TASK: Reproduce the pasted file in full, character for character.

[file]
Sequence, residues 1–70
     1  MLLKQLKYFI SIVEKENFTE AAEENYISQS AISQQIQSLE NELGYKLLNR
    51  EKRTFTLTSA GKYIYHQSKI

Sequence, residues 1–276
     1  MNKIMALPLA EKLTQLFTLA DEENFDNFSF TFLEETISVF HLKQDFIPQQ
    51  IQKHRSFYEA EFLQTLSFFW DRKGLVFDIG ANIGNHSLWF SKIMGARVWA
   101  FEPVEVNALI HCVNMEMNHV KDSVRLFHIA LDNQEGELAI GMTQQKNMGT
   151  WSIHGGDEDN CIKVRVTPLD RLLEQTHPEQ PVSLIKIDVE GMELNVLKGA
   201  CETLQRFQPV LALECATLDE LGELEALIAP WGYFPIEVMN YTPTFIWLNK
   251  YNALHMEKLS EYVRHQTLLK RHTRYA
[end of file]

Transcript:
Sequence, residues 1–70
     1  MLLKQLKYFI SIVEKENFTE AAEENYISQS AISQQIQSLE NELGYKLLNR
    51  EKRTFTLTSA GKYIYHQSKI

Sequence, residues 1–276
     1  MNKIMALPLA EKLTQLFTLA DEENFDNFSF TFLEETISVF HLKQDFIPQQ
    51  IQKHRSFYEA EFLQTLSFFW DRKGLVFDIG ANIGNHSLWF SKIMGARVWA
   101  FEPVEVNALI HCVNMEMNHV KDSVRLFHIA LDNQEGELAI GMTQQKNMGT
   151  WSIHGGDEDN CIKVRVTPLD RLLEQTHPEQ PVSLIKIDVE GMELNVLKGA
   201  CETLQRFQPV LALECATLDE LGELEALIAP WGYFPIEVMN YTPTFIWLNK
   251  YNALHMEKLS EYVRHQTLLK RHTRYA